Smithsonian national gallery to house L. Douglas Wilder portrait
Work Unveiled during Wilder’s 10th Inauguration Anniversary at VCU
Friday, Feb. 11, 2000
A portrait of L.
Douglas Wilder – the nation’s first-elected African-American governor and now
distinguished professor at Virginia Commonwealth University – has been accepted by
the Smithsonian Institution’s National Portrait Gallery in Washington, D.C. The
50-inch by 34-inch oil painting was created by Richmond artist and VCU alumna Loryn
The portrait was unveiled at a Jan. 20 reception commemorating the 10th
anniversary of Wilder’s historic inauguration. The event was held at VCU’s
Stuart C. Siegel Center and was hosted by Virginia Gov. James S. Gilmore III and VCU
President Eugene P. Trani, Ph.D.
More than 650 guests attended the Wilder tribute, including former Virginia governors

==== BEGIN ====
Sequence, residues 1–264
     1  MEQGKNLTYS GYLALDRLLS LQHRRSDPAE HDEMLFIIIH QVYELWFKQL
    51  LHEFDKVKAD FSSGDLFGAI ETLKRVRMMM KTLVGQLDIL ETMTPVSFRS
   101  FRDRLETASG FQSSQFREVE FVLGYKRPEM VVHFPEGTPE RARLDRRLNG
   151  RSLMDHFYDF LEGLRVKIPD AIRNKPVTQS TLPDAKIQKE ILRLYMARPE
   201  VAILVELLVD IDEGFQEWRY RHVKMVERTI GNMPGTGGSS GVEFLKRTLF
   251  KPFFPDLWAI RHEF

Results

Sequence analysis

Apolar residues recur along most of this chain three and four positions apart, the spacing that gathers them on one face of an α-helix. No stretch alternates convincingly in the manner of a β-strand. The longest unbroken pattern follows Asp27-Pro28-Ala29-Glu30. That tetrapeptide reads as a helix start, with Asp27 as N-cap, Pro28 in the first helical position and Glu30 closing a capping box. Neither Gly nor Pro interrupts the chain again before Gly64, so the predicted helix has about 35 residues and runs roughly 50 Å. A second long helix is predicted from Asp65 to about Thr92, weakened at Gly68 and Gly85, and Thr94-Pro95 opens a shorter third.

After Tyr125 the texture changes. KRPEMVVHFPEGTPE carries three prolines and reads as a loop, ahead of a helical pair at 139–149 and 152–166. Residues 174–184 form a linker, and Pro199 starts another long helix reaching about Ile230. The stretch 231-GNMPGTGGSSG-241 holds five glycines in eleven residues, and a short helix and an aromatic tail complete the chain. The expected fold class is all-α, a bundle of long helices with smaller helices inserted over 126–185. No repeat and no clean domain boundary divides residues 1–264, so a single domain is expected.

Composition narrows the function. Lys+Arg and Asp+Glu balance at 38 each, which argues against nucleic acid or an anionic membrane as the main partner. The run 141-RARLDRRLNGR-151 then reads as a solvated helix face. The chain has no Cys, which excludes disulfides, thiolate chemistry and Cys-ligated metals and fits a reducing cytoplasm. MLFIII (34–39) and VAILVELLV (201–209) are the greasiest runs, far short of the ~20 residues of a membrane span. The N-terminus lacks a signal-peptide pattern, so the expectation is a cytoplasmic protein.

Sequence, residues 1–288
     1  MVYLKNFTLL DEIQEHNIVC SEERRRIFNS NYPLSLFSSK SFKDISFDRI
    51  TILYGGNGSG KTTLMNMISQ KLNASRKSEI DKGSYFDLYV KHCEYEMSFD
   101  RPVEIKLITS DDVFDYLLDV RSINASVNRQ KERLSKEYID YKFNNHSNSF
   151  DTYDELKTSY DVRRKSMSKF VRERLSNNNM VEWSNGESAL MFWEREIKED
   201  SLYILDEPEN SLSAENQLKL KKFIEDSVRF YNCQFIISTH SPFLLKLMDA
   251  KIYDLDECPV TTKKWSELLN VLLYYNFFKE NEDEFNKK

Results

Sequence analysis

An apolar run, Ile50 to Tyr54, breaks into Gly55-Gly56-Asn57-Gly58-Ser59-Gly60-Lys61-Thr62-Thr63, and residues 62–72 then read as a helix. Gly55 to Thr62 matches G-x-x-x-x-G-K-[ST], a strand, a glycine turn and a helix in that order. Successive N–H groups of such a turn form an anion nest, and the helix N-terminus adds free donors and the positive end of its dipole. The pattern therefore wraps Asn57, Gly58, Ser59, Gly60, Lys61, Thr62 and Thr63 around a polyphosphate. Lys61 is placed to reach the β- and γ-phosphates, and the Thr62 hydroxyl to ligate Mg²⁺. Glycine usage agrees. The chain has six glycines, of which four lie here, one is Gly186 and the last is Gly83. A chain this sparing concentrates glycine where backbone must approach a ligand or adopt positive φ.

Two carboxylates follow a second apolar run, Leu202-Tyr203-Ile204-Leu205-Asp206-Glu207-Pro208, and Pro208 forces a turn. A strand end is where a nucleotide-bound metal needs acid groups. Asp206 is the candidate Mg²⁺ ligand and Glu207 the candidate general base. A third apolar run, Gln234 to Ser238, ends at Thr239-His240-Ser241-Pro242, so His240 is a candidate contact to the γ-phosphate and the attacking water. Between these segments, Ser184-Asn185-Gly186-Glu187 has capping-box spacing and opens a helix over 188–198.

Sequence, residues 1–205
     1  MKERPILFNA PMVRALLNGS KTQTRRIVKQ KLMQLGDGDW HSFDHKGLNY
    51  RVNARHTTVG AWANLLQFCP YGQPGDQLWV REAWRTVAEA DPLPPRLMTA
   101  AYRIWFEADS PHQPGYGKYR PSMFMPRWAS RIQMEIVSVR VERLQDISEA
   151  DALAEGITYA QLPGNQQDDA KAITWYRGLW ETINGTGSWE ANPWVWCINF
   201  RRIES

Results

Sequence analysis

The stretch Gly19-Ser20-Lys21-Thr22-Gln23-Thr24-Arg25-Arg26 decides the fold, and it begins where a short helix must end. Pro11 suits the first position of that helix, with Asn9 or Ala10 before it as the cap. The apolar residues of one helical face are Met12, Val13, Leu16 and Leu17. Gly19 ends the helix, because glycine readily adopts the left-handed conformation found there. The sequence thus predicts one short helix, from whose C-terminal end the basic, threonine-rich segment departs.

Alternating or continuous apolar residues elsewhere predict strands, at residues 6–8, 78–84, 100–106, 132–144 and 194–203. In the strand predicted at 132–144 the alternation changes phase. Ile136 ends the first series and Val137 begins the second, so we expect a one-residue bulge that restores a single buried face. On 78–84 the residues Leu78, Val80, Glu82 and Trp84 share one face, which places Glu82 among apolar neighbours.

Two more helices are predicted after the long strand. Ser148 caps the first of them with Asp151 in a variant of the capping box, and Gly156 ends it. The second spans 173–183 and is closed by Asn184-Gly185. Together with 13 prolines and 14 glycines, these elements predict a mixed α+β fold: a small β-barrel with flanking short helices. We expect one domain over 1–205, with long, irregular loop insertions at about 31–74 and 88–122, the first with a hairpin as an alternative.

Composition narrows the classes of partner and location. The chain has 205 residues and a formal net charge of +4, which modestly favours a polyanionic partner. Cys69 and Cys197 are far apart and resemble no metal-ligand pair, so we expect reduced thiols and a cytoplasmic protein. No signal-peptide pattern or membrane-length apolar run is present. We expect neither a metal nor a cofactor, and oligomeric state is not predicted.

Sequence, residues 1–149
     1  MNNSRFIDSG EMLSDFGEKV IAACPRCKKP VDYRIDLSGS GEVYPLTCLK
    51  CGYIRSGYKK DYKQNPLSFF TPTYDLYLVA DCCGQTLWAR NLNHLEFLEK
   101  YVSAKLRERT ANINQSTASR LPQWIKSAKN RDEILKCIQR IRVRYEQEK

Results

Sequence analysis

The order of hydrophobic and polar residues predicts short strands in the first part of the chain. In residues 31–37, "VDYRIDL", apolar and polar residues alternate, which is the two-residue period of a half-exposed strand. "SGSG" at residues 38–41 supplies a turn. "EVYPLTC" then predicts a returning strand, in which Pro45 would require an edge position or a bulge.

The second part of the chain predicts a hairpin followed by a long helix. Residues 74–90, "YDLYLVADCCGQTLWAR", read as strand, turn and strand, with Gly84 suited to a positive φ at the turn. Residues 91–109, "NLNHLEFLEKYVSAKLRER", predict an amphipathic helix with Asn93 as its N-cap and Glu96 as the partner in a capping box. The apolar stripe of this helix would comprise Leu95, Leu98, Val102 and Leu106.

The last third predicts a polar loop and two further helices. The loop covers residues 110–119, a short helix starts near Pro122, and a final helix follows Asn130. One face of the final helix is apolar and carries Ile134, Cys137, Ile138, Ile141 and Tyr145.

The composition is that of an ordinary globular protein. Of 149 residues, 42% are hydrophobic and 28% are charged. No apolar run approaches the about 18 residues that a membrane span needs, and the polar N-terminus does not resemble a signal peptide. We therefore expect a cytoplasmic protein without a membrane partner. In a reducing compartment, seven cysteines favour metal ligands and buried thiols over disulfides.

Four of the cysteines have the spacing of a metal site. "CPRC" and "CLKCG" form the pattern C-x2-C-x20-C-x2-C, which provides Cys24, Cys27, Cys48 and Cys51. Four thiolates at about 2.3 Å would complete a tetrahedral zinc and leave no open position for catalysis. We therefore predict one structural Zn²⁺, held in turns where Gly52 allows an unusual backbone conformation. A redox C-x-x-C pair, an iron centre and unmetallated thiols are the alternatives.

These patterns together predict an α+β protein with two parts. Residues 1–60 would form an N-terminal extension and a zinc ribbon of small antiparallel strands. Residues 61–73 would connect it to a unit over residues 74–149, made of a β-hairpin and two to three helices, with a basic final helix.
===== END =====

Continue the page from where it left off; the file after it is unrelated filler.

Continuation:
George E. Allen (1994-98); Gerald L. Baliles (1986-90); and former governor (1982-86) and
current U.S. Sen. Charles S. Robb. Additional guests present were: U.S. Rep. Robert C.
Scott; Lt. Gov. John H. Hager; Attorney General Mark L. Earley; former Secretary of
Education James W. Dyke Jr.; Virginia Black Caucus chair Jerrauld C. Jones and Richmond
City Mayor Timothy M. Kaine.
Sworn in as the nation’s first African-American governor on Jan. 13, 1990, Wilder
served as Virginia’s 65th chief executive for four years. Wilder’s
first historic mark in 1969 was when he was elected Virginia’s first black senator --
a post he was elected to for five consecutive terms. From 1985-89, Wilder served as
Virginia’s first African-American lieutenant governor.
Born on Jan. 17, 1931, Wilder was raised in Richmond by his parents, Robert Judson
Wilder, a son of slaves, and Beulah Olive Richards, who was born to freed
African-Americans in Charles City County, Va.
Following the 10th anniversary celebration, the portrait was taken to the
National Portrait Gallery. The gallery, which houses more than 18,000 images in its
collection, is currently closed because of renovations. It is scheduled to re-open in